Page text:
Miracle man makes stunning recovery from terminal cancer
A NEAR-death experience followed by a miracle recovery - cancer survivor Brian Wenham has seen it all in a few crazy months.
The 68-year-old, who hails originally from Busselton in Western Australia was late last year relishing the surf at Brooms Head, a couple of years into a Grey Nomad adventure with his wife Judy.
But a sudden twist of fate intervened in the couple's blissful retirement.
Beset by gut pains for several weeks, he eventually took himself to a GP in Maclean.
Within 24 hours he found out he was suffering terminal bowel cancer with doctors giving him no more than a week to live - unless he made an extremely risky decision to operate.
And that was just the opening scene in this Herculean drama of recovery.
After the operation, Mr Wenham faced a race against time for his body to heal in time to take the massive amounts of chemotherapy required to kill secondary cancer which had spread completely to his liver and was creating jaundice.
In two weeks Mr Wenham lost 25kg and had an eerie near death experience; a "dreamland".
"I was sitting in a bed waiting to go back to the ward... I just shut my eyes and suddenly I was in this big garden... it was all eerie colours, I'm floating slowly backwards."
"I'd actually made my peace with God," he said.
"But I decided I was going to stay... to give it another go."
So he pulled himself out of the "beautiful feeling" and back to the hospital bed.
He didn't know it then, but eight months later Mr Wenham is practically fully recovered after enjoying the last of his intensive chemotherapy sessions at Lismore Base Hospital, while staying in comfort and care as Our House's 2000th guest.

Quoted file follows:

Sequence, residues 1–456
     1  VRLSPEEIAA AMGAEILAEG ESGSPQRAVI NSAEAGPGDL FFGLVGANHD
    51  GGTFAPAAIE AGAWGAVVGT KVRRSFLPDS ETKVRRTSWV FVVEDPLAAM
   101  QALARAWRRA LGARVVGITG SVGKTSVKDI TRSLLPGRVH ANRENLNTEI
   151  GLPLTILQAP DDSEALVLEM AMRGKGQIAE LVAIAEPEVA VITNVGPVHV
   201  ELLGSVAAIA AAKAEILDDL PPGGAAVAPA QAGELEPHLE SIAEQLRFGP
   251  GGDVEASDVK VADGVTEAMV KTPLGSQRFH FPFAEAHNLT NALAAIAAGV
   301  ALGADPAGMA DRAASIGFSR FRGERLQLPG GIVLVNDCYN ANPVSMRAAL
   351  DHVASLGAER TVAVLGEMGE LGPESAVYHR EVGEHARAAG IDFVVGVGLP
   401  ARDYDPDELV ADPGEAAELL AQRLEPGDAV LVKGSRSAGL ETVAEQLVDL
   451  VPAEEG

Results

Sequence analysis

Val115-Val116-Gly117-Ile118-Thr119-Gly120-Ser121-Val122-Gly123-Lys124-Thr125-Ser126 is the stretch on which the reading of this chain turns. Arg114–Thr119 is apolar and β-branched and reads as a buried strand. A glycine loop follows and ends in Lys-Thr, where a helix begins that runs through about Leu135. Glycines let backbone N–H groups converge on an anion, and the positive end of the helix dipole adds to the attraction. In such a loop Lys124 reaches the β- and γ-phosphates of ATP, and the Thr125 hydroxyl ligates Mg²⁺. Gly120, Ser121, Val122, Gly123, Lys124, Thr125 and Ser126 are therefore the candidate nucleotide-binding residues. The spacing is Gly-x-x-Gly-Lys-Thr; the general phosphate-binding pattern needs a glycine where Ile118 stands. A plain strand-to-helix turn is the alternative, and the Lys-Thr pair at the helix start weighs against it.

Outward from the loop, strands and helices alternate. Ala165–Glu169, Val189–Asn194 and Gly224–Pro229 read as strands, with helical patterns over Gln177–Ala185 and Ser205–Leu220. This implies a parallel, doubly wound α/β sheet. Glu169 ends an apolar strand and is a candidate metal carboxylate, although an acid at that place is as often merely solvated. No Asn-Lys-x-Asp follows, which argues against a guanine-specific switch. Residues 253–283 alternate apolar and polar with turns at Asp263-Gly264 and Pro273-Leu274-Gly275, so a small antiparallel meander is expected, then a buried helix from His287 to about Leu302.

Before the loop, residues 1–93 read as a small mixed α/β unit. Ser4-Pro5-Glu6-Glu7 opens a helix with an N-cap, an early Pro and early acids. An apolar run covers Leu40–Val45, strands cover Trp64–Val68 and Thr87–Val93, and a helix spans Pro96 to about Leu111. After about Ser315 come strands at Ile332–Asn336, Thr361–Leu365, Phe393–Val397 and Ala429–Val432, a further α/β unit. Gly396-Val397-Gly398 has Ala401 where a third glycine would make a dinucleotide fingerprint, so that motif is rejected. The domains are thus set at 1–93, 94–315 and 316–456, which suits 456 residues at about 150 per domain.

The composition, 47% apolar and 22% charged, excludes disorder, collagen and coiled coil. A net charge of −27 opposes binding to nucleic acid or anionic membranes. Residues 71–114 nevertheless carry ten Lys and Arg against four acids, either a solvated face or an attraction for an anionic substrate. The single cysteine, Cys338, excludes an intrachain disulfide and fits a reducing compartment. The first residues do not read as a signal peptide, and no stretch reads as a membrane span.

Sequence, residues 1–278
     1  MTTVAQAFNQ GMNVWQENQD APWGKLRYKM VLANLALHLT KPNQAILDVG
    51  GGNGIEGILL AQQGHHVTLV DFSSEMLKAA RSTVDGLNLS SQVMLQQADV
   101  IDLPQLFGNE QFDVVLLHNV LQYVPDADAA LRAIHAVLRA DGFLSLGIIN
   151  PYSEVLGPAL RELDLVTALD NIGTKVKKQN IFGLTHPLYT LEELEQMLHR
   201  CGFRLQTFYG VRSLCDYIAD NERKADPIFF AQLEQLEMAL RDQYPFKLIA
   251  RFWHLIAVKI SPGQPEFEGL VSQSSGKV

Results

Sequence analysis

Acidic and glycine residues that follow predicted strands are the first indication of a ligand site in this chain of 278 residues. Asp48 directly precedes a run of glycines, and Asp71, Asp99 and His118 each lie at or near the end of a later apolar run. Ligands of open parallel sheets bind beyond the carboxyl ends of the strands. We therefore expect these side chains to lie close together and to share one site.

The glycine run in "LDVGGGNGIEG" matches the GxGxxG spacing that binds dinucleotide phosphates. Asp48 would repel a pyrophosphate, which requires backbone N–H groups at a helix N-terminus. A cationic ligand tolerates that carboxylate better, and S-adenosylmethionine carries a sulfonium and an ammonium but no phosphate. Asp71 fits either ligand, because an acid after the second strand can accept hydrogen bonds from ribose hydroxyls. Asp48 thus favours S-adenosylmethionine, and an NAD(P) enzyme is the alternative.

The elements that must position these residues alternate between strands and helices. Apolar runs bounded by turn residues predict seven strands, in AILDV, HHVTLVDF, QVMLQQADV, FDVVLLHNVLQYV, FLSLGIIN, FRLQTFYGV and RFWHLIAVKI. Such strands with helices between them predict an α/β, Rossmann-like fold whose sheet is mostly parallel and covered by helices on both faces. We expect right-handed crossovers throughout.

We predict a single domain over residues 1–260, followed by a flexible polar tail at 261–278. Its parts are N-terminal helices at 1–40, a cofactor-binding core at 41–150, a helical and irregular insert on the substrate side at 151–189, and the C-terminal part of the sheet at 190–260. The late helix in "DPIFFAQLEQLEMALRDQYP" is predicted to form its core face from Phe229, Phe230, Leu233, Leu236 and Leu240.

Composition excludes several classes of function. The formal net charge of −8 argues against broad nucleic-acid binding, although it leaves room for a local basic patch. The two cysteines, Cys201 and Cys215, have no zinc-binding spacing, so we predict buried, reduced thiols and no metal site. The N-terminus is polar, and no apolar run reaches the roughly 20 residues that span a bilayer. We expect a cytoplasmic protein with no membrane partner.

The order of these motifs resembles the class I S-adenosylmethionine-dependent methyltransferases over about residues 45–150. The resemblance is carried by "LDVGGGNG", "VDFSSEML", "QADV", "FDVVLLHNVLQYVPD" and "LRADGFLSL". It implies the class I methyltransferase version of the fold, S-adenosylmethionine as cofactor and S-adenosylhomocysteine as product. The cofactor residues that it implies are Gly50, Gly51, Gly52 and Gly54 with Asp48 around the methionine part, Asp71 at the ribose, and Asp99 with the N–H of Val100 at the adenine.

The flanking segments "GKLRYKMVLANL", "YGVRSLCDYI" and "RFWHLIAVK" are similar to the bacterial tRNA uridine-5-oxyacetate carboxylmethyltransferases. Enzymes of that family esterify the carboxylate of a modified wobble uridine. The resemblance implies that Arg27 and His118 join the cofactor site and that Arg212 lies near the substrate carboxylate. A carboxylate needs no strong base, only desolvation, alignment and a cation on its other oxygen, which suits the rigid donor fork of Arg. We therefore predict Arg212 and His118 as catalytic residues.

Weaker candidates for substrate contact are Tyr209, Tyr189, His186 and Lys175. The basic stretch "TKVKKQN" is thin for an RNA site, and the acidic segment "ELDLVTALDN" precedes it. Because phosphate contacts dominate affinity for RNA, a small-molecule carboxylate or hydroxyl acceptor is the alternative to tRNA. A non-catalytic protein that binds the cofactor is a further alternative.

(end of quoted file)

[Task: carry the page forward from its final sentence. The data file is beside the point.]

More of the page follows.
Our House manager Ruth Harrison said Mr Wenham was in a "terrible" way when he arrived at Our House back in October.
But if that was an ordeal, his recovery was a miracle.
"The first scan the liver was just one big blob of cancer tumours... the next scan it was 20-25% had gone... that's when the oncologist started to say 'this is looking good'," Mr Wenham recalled.
"Then the third one we'd had it was 50-60% gone. And then the PET scan the other day, the doctor's words were there was no active cancer at all."
After almost eight months of treatment, the Wenhams said they were blessed to have the "second to none" cancer treatment facilities available at Lismore Base Hospital, with accommodation at Our House being a key ingredient.
Without that, they would have been forced the make the long drive from Brooms Head each day during two week chemotherapy stints.
Ms Harrison said the positive comments about Our House and Lismore's cancer facilities were echoed by other patients, too.
Mr Wenham even said he "thoroughly enjoyed" his regular chemotherapy sessions
"It was the highlight of my week," he said.
He's now back in the saltwater at Brooms Head and enjoying every minute of his health.